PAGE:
Earth & Conservation

Eco-Adventurer's Houseboat Mysteriously Crosses the Atlantic

An empty solar-powered houseboat washed ashore in Ireland, having apparently drifted from Newfoundland.

<p>Ballyglass Coast Guard Unit on Facebook</p>

No rent, no mortgage, no utilities to worry about. Sounds like a dream.

Canadian eco-adventurer Rick Small scrawled a note to that effect inside his homemade solar-powered houseboat, donating the self-sufficient structure to "a homeless youth" in Newfoundland.

So how on earth did his creation end up washing ashore empty on a beach in Ireland, more than 1,900 miles across the Atlantic from where it was last seen anchored in Canada? This mystery is connecting communities on both sides of the ocean.

Small's work on a sizable solar-powered bike made the local news in Newfoundland back in June 2015. His DIY three-wheeled bike had a 500-watt motor powered entirely by a solar-panel-covered trailer, CBC News reported at the time. That was apparently enough to get him all the way from Thunder Bay, Ontario to St. John's, Newfoundland. He spent several months on the road.

After arriving in Newfoundland, it appears that Small got to work constructing the houseboat, according to messages posted on the Ballyglass Coast Guard Unit's Facebook page. Over the weekend, a man walking along Cross Beach in County Mayo, Ireland, spotted the vessel and alerted local authorities. They towed it off the beach to dry land today.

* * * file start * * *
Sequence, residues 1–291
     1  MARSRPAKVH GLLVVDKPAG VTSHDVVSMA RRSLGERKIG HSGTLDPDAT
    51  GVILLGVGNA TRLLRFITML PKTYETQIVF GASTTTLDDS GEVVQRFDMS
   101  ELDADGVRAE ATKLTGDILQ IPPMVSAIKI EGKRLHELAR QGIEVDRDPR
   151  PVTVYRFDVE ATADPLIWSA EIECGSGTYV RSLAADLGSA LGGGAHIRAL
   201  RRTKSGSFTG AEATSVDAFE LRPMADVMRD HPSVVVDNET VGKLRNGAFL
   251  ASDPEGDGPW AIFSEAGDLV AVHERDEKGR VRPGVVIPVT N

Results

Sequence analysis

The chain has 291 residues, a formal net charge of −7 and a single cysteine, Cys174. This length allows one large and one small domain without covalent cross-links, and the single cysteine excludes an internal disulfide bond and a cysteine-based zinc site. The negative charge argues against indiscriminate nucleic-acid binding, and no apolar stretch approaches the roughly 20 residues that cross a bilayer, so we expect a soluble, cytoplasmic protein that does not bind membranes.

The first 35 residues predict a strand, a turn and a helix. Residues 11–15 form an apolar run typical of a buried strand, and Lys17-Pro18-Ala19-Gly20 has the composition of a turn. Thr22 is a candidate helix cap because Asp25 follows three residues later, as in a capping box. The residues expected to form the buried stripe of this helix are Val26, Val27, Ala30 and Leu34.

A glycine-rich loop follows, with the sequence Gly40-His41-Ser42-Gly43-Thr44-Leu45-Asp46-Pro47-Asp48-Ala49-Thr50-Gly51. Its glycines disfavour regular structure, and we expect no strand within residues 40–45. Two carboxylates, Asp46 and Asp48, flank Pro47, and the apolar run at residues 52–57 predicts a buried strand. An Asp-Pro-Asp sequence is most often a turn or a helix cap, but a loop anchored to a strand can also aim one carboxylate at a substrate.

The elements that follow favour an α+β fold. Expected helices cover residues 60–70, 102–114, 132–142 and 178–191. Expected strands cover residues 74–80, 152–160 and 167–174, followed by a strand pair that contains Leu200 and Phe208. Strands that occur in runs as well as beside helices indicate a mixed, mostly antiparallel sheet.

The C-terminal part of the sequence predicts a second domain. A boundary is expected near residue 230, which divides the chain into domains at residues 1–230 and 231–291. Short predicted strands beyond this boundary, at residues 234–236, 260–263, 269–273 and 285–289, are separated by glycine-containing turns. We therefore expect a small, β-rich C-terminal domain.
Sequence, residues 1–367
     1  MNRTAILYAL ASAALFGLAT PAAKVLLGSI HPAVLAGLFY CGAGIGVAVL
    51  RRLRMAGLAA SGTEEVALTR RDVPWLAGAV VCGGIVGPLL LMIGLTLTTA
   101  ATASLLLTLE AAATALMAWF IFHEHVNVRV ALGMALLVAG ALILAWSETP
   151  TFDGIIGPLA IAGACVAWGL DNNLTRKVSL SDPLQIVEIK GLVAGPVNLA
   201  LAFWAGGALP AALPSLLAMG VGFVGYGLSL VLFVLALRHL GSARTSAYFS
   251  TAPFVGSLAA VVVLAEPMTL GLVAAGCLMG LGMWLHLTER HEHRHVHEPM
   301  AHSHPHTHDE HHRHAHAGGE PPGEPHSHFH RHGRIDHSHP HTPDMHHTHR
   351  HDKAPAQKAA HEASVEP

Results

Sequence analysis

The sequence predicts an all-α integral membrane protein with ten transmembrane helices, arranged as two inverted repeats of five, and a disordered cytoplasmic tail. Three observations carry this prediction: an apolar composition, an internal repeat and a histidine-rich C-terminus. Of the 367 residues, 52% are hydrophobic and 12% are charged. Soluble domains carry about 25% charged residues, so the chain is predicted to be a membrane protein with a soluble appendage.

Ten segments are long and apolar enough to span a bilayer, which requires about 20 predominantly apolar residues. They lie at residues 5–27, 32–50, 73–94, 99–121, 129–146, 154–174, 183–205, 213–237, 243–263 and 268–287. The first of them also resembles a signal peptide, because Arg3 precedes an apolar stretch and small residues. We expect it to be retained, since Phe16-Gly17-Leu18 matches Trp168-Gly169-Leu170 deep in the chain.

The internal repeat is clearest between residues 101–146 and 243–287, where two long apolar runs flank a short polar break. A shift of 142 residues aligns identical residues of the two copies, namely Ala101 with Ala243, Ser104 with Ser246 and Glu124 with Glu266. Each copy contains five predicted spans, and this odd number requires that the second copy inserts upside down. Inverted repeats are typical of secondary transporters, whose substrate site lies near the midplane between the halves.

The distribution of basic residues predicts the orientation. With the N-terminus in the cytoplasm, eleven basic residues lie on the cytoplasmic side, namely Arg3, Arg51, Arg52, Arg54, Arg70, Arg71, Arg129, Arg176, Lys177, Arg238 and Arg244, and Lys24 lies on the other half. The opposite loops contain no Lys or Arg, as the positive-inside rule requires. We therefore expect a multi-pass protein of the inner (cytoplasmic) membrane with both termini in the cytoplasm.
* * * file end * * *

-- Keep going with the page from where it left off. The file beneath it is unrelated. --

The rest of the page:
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"Rick built this craft at the Foxtrap Marina in Foxtrap, Conception Bay South, Newfoundland," Rodney Mercer wrote on the Irish Facebook page. "Every board was transported from hardware store to the marina on his peddle bike with a little trailer in tow. He slept in this insulated trailer every night."

Another Newfoundland resident, Ted Perrin, commented on Facebook that the houseboat was stuffed with insulation foam for floatation, the seams sealed with tar, and the vessel's small electric motor was powered by solar panels on the exterior. Perrin added that he called the Coast Guard when Small said he was going to try sailing the wooden houseboat to British Columbia via the Northwest Passage.

"He made it as far as Portugal Cove about 10 [nautical miles] from where he started," Perrin wrote. "He lived in it most of last year and abandoned it on the beach in Portugal Cove sometime over the winter. I'm amazed how far it drifted in such short time. I'm positive it was still in the cove in September."

When the Coast Guard in Ireland inspected the odd vessel, they found Small's scrawled donation note but no sign of him. So far he hasn't been located. Michael Hurst, an officer in charge of the Ballyglass Coast Guard, told the BBC that the inside of the battered houseboat was "habitable."

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